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Lawmaker accuses State Department of Education of immaturity, lack of transparency for refusing to release information

State Superintendent Ryan Walters answers questions from reporters after the Nov. 30 State Board of Education meeting.
Beth Wallis
/
StateImpact Oklahoma
State Superintendent Ryan Walters answers questions from reporters after the Nov. 30 State Board of Education meeting.

Rep. Mark McBride (R-Moore) claimed in a press release Friday numerous requests for information from state legislators have been ignored by the Oklahoma Department of Education.

In response to a third inquiry about alleged teacher recruitment numbers, a Metrics Software update and emails sent to State Superintendent Ryan Walters’ Every Kid Counts email, McBride said a note was slipped under his office door by an unidentified person. It was from Walters’ Senior Advisor, Matt Langston, and said, “Fool me once, shame on you. Fool me twice, shame on me.”

Every Kid Counts is the nonprofit organization Walters was the executive director of until February. It is funded largely by national school privatization efforts, according to an investigation from nonprofit media outlets Oklahoma Watch and The Frontier.

It’s also the target of an ongoing FBI investigation for allegedly misspending nearly $2 million in pandemic-era federal education funding, for which Walters granted “blanket approval,” according to another investigation from Oklahoma Watch and The Frontier. Instead of solely paying for educational expenses, the investigation found federal funds were used to purchase things like gaming consoles and Christmas trees.

McBride, who chairs the House Appropriations and Budget Subcommittee for Education, said in the release Langston’s response was “childish wordplay,” that followed a pattern of the Walters administration responding with “standoffishness, immaturity and a total lack of transparency and accountability” to legislators’ requests.

“The Legislature cannot tell if anything we are hearing from OSDE about where and how dollars are being spent is true, because Superintendent Walters and Sr. Advisor Langston refuse to answer the most basic inquires,” McBride said in the release. “The only logical conclusions that can be drawn from their lack of cooperation are that they are either lying about where the money is going, or they are hiding something.”

Oklahoma Rep. Mark McBride (R-Moore)
Provided
/
Oklahoma House of Representatives
Oklahoma Rep. Mark McBride (R-Moore)

In the release, McBride reminded Walters’ administration the Legislature, not the State Department of Education, is in charge of appropriating and overseeing state tax dollars.

“This responsibility comes with a duty to make sure that the appropriated dollars are being spent properly by the agencies and departments under the Legislature’s purview,” McBride said in the release.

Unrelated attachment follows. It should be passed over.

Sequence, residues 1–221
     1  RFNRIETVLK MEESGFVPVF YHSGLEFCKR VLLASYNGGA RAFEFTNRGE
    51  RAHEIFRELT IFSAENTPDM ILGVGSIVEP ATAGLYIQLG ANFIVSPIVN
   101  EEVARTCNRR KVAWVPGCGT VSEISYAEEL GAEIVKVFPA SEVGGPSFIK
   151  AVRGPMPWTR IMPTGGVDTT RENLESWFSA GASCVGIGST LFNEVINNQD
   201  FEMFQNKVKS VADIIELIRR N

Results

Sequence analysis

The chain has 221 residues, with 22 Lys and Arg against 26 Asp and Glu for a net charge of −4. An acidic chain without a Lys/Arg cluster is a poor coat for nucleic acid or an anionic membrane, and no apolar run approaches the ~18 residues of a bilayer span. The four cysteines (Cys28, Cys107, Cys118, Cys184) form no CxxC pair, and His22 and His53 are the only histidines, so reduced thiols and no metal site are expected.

Langston responded in a press release Friday, saying “no Oklahoman can take [McBride] seriously.”

“I’ve never seen a more whiney [sic] Democrat in my life,” the statement reads. “McBride continues to cry for attention while promoting failed policies, backing woke indoctrination and promoting porn in schools while working hand in hand with the Democrats and the liberal media. He’s made every union leader and liberal extremist proud.”

Walters’ rocky history with the state legislature

McBride is no stranger to conflict with Walters — the two butted heads frequently during the last legislative session and over the recent resignation of a state department employee who oversaw federal grant compliance.

Former program manager Pamela Smith-Gordon was one of dozens of employees who resigned or were fired by Walters’ administration. She said in an open letter Walters’ mismanagement of the organization plagued her ability to do her job, referencing delayed approvals, denied meeting requests and no access to necessary digital platforms for grant reporting.

McBride fought against administrative rules pushed by Walters that would have banned “obscene” materials from school libraries and allowed parents to review and object to sex education materials. It also would have required school employees to notify parents of information about their child, such as preferred pronoun usage and gender identity. If schools violated the rules, their accreditation would have been downgraded.

“I want to put this gentleman [Walters] in a box,” McBride said to the legislature at the time. “I want to focus on public education instead of his crazy destruction of public education.”

Ultimately, Oklahoma Attorney General Gentner Drummond issued a formal, binding opinion that the State Board of Education cannot make rules without direction from state lawmakers, effectively striking down Walters’ changes.

McBride said in the release over the course of two years, he and other legislators have tried numerous ways to work with the department’s leadership, to no avail.

“It is my sincere hope that [the Walters’ administration] will begin to work with the Legislature to make sure we are all doing right by the children and families of Oklahoma,” McBride said. “At the end of the day, this needs to be about the kids, not ego.”

StateImpact Oklahoma is a partnership of Oklahoma’s public radio stations which relies on contributions from readers and listeners to fulfill its mission of public service to Oklahoma and beyond. Donate online.

Beth reports on education topics for StateImpact Oklahoma.
StateImpact Oklahoma reports on education, health, environment, and the intersection of government and everyday Oklahomans. It's a reporting project and collaboration of KGOU, KOSU, KWGS and KCCU, with broadcasts heard on NPR Member stations.
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